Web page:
India has successfully put a satellite into orbit around Mars, becoming the fourth nation or geo-bloc to do so.
The Mangalyaan robotic probe, one of the cheapest interplanetary missions ever, will soon begin work studying the Red Planet's atmosphere.
A 24-minute engine burn slowed the probe down enough to allow it to be captured by Mars's gravity.
Indian Prime Minister Narendra Modi said the country had achieved the "near impossible".
Only the US, Russia and Europe have previously sent missions to Mars, and India has succeeded on its first attempt - an achievement that eluded even the Americans and the Soviets.
The latest US satellite, Maven, arrived at Mars on Monday.
US space agency Nasa congratulated its Indian counterpart, the Indian Space and Research Organization (Isro), on Wednesday's success.
"We congratulate @ISRO for its Mars arrival! @MarsOrbiter joins the missions studying the Red Planet," the agency tweeted.
At the scene: Sanjoy Majumder, Bangalore
From early in the morning, there was an atmosphere of excitement and tension at the Indian space agency's mission tracking centre in Bangalore.
Scientists, many of them women and several of them young, were seated in front of their computer monitors tracking the progress of Mangalyaan.
Giant screens above their heads fed a steady stream of data, graphics and sequence of operations. The first whoops broke out when Mangalyaan successfully fired up its liquid engine, the first in a series of critical moves to make sure that the spacecraft was able to get into the planet's gravitational pull.
Then there was an agonising 20 minutes, when Mangalyaan disappeared behind Mars and beyond contact.
But there was no mistaking the moment, when the scientists all rose as one, cheered, clapped, hugged each other and exchanged high-fives - confirmation that Mangalyaan was now on an elliptical orbit around Mars.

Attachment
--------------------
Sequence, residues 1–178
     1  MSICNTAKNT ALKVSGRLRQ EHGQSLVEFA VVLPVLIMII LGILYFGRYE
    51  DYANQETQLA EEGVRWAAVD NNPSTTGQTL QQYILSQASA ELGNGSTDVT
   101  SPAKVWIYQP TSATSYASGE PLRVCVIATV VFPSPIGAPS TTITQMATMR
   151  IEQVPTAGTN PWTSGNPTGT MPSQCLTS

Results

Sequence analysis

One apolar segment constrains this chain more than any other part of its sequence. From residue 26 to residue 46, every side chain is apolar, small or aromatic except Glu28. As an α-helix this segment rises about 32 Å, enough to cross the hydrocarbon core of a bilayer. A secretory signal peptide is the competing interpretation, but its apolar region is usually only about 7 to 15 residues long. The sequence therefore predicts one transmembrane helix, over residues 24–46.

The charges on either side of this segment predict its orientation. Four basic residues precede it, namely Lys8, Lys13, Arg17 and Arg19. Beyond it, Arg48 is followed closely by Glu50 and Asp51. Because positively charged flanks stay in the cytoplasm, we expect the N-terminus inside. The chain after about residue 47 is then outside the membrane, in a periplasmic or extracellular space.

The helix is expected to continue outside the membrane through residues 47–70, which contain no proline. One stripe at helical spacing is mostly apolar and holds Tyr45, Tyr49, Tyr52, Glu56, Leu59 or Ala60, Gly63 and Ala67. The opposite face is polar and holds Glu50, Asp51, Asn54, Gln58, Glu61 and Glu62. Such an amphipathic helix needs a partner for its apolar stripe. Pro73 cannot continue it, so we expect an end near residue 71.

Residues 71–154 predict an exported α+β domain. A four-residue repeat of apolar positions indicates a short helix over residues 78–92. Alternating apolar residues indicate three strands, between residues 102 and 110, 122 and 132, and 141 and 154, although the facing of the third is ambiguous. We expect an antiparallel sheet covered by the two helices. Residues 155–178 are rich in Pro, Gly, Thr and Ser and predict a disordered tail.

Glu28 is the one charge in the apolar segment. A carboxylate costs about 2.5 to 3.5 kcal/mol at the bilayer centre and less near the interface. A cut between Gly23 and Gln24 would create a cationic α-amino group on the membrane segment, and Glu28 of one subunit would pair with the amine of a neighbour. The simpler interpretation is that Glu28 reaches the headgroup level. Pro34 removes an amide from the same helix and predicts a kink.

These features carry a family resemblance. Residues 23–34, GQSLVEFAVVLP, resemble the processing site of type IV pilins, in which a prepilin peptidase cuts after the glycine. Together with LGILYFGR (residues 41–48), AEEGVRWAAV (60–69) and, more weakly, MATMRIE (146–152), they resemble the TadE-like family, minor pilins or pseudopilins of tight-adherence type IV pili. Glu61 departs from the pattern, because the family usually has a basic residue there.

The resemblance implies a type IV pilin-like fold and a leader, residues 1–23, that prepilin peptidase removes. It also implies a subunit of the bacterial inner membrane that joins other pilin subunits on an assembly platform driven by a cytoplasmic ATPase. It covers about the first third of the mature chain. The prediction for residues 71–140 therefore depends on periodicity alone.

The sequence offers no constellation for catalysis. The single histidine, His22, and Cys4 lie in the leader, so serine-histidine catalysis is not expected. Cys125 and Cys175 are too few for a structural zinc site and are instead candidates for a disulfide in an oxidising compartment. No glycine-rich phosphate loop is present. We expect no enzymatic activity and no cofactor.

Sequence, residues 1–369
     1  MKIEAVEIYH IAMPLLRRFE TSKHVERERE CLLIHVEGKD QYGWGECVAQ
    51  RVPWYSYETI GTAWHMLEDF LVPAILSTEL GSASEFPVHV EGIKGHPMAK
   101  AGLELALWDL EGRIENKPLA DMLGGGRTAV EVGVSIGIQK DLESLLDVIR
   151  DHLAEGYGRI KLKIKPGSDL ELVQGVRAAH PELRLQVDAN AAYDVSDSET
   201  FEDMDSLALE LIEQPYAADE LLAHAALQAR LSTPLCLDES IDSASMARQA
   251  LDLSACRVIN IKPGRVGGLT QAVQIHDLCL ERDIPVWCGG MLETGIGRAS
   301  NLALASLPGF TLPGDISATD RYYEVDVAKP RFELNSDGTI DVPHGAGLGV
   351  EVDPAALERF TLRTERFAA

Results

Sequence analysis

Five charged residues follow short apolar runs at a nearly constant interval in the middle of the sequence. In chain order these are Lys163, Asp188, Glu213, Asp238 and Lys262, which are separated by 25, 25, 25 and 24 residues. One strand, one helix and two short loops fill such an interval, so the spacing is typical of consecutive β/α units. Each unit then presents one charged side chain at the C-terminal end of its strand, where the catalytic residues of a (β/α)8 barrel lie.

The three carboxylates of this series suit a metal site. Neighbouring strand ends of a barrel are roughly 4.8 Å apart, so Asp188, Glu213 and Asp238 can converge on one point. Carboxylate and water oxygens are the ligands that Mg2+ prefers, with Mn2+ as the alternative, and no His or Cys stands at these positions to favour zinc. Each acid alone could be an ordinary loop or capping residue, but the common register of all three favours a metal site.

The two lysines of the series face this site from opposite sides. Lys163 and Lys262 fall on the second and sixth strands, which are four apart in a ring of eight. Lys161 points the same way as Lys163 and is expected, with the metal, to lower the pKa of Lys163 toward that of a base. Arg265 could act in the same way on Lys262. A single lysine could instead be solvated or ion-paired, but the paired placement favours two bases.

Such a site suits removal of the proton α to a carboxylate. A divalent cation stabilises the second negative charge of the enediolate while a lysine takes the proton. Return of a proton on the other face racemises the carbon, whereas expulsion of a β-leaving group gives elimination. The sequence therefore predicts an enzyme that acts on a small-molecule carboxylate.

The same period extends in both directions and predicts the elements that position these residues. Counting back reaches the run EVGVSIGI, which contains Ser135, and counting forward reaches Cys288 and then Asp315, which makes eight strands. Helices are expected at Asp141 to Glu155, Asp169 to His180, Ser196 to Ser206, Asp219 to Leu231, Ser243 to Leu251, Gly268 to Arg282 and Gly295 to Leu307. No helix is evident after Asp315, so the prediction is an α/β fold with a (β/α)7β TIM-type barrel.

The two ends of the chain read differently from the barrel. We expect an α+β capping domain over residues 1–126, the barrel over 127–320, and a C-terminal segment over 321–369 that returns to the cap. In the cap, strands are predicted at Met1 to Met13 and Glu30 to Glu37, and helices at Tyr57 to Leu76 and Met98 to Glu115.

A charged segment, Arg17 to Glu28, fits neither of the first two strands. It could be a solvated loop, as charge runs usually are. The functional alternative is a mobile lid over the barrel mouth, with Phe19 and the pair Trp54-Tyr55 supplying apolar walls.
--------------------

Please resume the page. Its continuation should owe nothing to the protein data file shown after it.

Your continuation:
After PM Modi's congratulations, they poured out into the open and the bright sunlight, beaming as they took in the adulation.
"Thrilled to be a part of history," one young scientist told me. "It's like hitting a golf ball from Bangalore to London and getting it into the hole in one go," deputy operations director, BN Ramkrishna said. "It's got to be that precise."
'Better than cricket'
Mr Modi congratulated the scientists and said: "Today, all of India should celebrate our scientists. Schools, colleges should applaud this."
"If our cricket team wins a tournament, the nation celebrates. Our scientists' achievement is greater," he added.
The total cost of the Indian mission has been put at 4.5bn rupees ($74m; £45m), which makes it one of the cheapest interplanetary space missions ever. Nasa's recent Maven mission cost $671m.
The Mangalyaan probe will now set about taking pictures of the planet and studying its atmosphere.
One key goal is to try to detect methane in the Martian air, which could be an indicator of biological activity at, or more likely just below, the surface.
Mangalyaan - more formally referred to as Mars Orbiter Mission (MOM) - was launched from the Sriharikota spaceport on the coast of the Bay of Bengal on 5 November 2013.
The satellite joins four other missions that are circling the planet: Maven (US), Mars Odyssey (US), Mars Reconnaissance Orbiter (US) and Mars Express (Europe).